Every submission experience I’ve ever had was defined by the two or three (or five) nights before the deadline. I would spend days camped at a coffee shop, drinking drip light roast out of the largest container they had, taking cigarette breaks every hour or two, eating whatever stale pastry was available. Then, when the coffee shop closed, I would walk to a bar nearby, get a pint of cider or a whiskey Diet, and continue typing for as long as I could stay awake.
One coffee shop, a Dunn Brothers on North Hennepin, would stay open for 24 hours. To meet a 2017 ghostwriting deadline, I sat in a corner of that Dunn Brothers for 22 hours straight. I would look at the current barista, look at my screen, and look up again to see that the shift had changed. At noon the following day, I spent twenty minutes in the bathroom, bathing my armpits and groin with a damp paper towel. My stomach was a pool of burnt bean acid and half-digested croissants. My computer was overheated, humming in fits and starts. By the end of it, I was somewhere between a disassociative fugue state and a heart attack, but I turned it in, whatever it was. My friend and I still refer to that time as “the Dunn Brothers period.”
I saw myself as having no choice. Because I had put off writing, I would push my editors’ patience to the limit. When I reached that limit—when the emails would start sounding desperate, invoking the “we’ll have to push the publication date”—that’s when the coffee shop energy would kick into high gear, fueling my fingers on the keyboard through these manic, uninterrupted periods with pure adrenaline. What kind of writing I produced during that time, I cannot speak for, but we have to assume it came from me at some point. Perhaps we could call it a study on the influence of the subconscious, but not in a cool surrealist way. More like a weird chili? Anyway.
Maybe that was part of why, when the product would finally reach the shelves, I felt so disconnected: because I could barely remember its creation. Shame played a part, too. Back then, my definition of success was a well-designed, esoteric text that drew the attention of MFA graduates and the anemic alcoholic men I wanted to impress into bed. The pink-tinted, cursive-lined covers the publishers put on my stories didn’t reflect my Paris Review taste or my punk values, so I would dismiss months’ worth of difficult work as an annoying side gig. That shame, too, is probably why I put off doing the work in the first place. The shame brought me to late nights at sticky coffee shop tables, crawling toward the finish line, barely able to carry the weight of my own mistreated biology. That was the treatment that I told myself such work deserved.
(This draft of) the book is finally finished, and it was an entirely different experience. I sent the file at a reasonable hour on a Sunday evening, having slept a cool eight hours the night before. I’d written all day the last six days, sure, but I’d also had time to work out, make a few dinners, check out the new Jordan Peele movie with my dude. There were a few small meltdowns, namely because this also happened to be the week the students from my tutoring job all decided they wanted meet with me (previous two months of summer: radio silence; now: radio silence), but I got my ass in the chair and lost myself in the task of constructing worlds. I listened to my body when it needed food or water; I took breaks to walk around the new apartment, hanging art; I listened to the new Beyonce album over and over, reading every article I could find that dissected the samples.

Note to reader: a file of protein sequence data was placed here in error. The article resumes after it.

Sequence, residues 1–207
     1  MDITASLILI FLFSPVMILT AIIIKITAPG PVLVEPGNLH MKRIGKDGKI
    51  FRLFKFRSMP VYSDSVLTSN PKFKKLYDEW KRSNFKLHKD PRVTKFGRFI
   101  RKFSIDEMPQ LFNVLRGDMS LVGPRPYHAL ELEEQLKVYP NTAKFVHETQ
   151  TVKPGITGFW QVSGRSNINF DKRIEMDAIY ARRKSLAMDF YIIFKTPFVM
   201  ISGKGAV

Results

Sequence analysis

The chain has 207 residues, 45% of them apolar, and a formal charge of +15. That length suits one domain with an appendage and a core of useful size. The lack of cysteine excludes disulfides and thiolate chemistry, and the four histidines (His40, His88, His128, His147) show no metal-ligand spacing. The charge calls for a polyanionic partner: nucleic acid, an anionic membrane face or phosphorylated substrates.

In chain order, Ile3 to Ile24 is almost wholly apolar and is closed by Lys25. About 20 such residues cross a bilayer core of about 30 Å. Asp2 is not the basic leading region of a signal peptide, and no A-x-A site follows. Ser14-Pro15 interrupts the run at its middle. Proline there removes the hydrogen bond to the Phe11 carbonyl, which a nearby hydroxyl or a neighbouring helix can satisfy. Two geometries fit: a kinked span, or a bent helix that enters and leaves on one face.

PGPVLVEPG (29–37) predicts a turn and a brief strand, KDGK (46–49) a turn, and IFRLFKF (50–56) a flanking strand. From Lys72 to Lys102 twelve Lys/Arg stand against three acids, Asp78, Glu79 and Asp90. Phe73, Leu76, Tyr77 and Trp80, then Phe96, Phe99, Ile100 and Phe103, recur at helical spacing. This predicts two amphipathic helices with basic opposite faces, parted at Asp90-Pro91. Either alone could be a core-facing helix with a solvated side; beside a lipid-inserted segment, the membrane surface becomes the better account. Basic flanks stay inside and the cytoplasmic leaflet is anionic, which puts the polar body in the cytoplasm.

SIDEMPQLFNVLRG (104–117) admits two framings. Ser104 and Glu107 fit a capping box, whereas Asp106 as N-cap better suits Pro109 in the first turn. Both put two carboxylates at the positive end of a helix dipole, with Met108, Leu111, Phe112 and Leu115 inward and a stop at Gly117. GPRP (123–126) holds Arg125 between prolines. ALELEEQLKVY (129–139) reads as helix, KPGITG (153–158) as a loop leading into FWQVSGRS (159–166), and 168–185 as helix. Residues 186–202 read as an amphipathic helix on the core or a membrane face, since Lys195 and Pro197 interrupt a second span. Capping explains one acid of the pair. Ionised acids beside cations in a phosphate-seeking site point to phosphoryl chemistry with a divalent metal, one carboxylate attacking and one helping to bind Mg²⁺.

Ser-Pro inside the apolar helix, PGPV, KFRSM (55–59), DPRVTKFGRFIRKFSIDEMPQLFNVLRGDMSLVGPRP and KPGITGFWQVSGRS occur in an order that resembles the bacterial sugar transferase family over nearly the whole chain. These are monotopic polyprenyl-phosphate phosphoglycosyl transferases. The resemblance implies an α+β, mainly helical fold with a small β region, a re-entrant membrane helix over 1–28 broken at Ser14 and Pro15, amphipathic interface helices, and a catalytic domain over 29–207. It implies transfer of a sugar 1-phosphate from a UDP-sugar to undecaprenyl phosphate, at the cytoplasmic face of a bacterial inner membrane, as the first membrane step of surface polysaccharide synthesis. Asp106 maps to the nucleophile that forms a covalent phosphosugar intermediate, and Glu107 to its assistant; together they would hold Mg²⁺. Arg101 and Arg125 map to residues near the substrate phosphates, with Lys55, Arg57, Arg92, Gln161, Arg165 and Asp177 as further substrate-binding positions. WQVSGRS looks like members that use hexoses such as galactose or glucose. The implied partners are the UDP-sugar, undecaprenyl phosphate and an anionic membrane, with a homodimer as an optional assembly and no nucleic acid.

What changed? Many little things, probably, within five years worth of journaled reflection, on-and-off therapy, breaking ties with abusive workplaces, forming new daily habits. The bigger change, though, is what I have already written about extensively here, and will continue to write about: my full embrace of who I am as a writer, and who I write for. For that I owe my teachers, one in particular, who made the question the center of his writing pedagogy. For that I also owe a particular strain of feminist critique that has emerged (or at least entered my personal radius) the past couple of years, which insists on a hallowed place for stories about emotions and relationships, mostly those for and about women and queer people. This genre is one of the only places, as Jaime Green puts it for Vulture, “where women’s desires, experiences, and rich inner lives are given value, center stage.”
Articles like these helped me reframe my understanding of what romances did for me as a girl, and what my books might possibly do for people now. Green says it best: “After growing up on Madeleine L’Engle or Louisa May Alcott and graduating into a high-school canon so dominated by men, imagine the relief and delight to read about women. And to read about such adult things — not adult as in sex, but adult concerns, like love and courtship and family strife. To see in those pages possible paths forward, worlds and happy endings to imagine yourself into.” This cultural and personal realization has inspired me to renew and nurture my writing practice, not just for my own mental, physical, and spiritual health, but for my potential readers. More explicitly: I don’t write for men anymore, and the people I do write for, I want to give them something as full and lush and joyful, with as many feelings as I get when I write it. To develop fully on the page, that spectrum of feelings needs plenty of room, nourishment, and most importantly: time.
Lovely perspective– you put into words my frustration/anxiety with writing. I work in science, but writing deadlines and male dominance span fields.
Thank you so much your comment. I’m sorry it’s been a frustrating experience for you, as well, but it’s good to know I’m not alone!
I love this. Wow you have really figured it out. Where is the picture taken?
Sincerely, Sharon Avery